Platelet Rich Plasma

Platelet Rich Plasma

Platelet Rich Plasma or PRP are a new form of injections using a patients blood (Autologous) to treat injuries. PRP Injections are offered by Geoff Davies at the Vale Healthcare Clinic in Cardiff.

The Arthrex ACP Double Syringe System is used to obtain platelet rich plasma (PRP) from a patient’s blood, which is then re-injected under ultrasound guidance to promote the healing of tendon scar tissue.

Tendinopathy (commonly know as tendonitis) occurs when tendons (bands of fibrous connective tissue connecting muscle to bone) become damaged, usually as a result of overuse or injury. Physiotherapy is used to treat damage to tendons in the first instance, but in cases where this healing process has failed, we can use the Double Syringe System to treat scars left on tendons that cause many people long-term problems.

The process involves blood being taken from the patient and re-injected around their affected tendon. Crucially, before the blood is re-injected it goes through an intense spinning technique called centrifugation to extract platelets from the blood. Platelets create growth factors and by increasing the concentration of these growth factors within a small sample of blood, we are able to promote healing in chronic cases.  The skill in this process is re-injecting the blood into the right areas to get the best result and we use ultrasound guidance to give us accuracy.

What is the Arthrex ACP Double Syringe System?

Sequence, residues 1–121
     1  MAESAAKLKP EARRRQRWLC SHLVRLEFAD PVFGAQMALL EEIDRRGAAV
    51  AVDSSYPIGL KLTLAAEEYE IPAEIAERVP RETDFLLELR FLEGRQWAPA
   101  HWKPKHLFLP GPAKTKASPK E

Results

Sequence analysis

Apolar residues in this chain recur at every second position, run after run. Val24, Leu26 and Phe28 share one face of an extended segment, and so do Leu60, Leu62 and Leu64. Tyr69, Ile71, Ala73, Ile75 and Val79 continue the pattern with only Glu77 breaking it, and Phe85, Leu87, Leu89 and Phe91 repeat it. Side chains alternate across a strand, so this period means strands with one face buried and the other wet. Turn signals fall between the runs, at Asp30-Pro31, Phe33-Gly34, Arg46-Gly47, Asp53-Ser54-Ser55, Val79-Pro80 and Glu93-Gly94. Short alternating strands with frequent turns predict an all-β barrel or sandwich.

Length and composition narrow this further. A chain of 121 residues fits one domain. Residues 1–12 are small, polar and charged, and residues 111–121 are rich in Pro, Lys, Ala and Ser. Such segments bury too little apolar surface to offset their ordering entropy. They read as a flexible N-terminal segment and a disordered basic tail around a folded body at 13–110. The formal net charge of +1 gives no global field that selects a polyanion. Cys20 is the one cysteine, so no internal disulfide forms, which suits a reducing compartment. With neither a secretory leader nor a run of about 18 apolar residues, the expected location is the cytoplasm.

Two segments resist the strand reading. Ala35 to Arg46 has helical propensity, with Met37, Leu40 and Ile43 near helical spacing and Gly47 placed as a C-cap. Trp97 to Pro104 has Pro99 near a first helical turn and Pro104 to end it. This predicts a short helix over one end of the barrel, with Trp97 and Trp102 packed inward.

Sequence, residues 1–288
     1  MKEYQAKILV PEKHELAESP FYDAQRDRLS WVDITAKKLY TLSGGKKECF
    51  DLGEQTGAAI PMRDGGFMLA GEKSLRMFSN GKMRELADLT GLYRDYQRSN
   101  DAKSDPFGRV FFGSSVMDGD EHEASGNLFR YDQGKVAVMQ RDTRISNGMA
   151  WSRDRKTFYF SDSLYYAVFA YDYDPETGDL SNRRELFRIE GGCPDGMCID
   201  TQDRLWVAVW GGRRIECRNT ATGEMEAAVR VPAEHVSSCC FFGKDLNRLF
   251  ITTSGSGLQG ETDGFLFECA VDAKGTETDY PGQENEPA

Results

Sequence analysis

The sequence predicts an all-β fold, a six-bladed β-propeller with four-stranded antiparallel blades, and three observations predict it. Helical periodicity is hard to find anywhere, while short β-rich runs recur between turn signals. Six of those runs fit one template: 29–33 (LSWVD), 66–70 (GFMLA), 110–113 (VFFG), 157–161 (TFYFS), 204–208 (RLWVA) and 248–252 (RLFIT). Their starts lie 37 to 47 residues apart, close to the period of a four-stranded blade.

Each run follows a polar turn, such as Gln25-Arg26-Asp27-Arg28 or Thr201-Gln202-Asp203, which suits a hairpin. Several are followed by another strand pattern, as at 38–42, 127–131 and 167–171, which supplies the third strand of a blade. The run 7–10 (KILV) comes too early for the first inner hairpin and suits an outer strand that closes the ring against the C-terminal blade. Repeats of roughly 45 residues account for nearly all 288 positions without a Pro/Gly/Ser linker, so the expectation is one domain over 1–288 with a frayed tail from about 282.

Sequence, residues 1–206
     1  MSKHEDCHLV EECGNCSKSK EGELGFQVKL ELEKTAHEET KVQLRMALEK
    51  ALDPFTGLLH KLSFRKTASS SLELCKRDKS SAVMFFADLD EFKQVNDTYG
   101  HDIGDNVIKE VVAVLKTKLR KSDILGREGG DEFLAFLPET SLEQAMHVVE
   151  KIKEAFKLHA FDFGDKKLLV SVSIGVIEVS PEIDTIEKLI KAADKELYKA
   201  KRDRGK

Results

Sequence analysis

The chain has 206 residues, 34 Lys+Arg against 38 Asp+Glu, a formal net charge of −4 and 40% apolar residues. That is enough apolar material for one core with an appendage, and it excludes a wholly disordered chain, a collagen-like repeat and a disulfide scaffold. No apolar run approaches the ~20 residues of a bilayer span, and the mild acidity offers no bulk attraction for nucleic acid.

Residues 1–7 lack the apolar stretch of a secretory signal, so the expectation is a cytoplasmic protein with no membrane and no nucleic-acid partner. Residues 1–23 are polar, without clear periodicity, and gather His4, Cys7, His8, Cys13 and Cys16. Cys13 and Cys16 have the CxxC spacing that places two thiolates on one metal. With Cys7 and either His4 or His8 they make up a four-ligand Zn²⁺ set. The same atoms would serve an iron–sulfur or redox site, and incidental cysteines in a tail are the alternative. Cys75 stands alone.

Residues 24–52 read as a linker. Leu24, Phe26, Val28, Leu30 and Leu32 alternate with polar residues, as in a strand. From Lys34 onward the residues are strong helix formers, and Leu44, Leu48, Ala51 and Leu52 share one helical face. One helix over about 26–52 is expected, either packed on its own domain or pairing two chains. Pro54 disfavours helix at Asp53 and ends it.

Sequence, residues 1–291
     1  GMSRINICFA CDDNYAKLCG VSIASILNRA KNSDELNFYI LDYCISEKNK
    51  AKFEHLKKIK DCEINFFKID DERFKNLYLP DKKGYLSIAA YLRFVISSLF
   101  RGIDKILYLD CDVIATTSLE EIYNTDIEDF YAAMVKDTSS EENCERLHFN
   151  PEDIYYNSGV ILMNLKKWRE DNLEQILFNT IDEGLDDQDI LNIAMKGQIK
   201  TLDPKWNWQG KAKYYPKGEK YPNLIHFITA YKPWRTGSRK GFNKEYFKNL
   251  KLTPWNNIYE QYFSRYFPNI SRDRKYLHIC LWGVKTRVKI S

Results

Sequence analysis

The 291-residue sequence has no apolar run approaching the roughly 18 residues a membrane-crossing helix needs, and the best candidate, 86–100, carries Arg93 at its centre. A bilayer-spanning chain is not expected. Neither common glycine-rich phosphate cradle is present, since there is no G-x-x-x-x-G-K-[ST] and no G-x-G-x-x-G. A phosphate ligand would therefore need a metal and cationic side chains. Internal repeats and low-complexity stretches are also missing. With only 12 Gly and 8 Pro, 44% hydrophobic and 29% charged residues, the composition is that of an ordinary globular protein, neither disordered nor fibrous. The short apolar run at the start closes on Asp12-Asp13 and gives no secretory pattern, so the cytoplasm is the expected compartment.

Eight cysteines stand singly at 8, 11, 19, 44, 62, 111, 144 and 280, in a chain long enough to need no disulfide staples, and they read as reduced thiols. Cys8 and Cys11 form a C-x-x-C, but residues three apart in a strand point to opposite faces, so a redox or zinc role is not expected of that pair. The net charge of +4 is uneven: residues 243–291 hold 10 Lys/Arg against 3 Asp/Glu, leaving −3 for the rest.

The Arthrex ACP Double Syringe System is used to obtain platelet rich plasma (PRP) from a patient’s blood, which is then re-injected under ultrasound guidance to promote the healing of tendon scar tissue.

How does the (autologous blood) injection work?

In recent years there have been rapid developments in the use of growth factors for accelerated healing of injury. Growth factors are released from the platelets which are found in the blood stream and influence the biological processes necessary for repair of soft tissues such as muscle, tendon and ligament following acute traumatic or overuse injury.

The best way of delivering higher doses of growth factors to injured tissue, is to inject at the site of an injury. The most commonly utilised techniques is known as autologous blood injection. Clinical trials in humans are very limited so far, but results are promising in terms of earlier return to play following muscle and particularly tendon injury.

Which conditions does this technique work for?

This treatment has been shown to be effective in treating stubborn injuries like tennis elbow, Achilles tendonitis and knee tendonitis for athletes of all types. It appears to be a better option for problems that don’t have a great solution - it’s nonsurgical, safe and uses the body’s own cells to help it heal.

What happens if I have the treatment?

The procedure involves a doctor drawing blood from the patient. The patient’s blood is then placed in a centrifuge that rotates at high speed, separating red blood cells from the platelets that release proteins and other particles involved in the body’s self-healing process.

Once separated, the healing platelet cells from the red blood cells are then injected back into the patient’s injury. This then kick-start’s the body’s healing process, or at least accelerates it.

Can anyone have the treatment?

The use of growth factors in sports medicine is restricted under the terms of the World Anti-Doping Agency (WADA) anti-doping code, particularly because of concerns regarding the potential for abuse as performance-enhancing agents. As of yet this treatment is still regarded as prohibitive by WADA in elite athletes.

More Information

Click here for the Vale Healthcare Patient Information Leaflet on PRP

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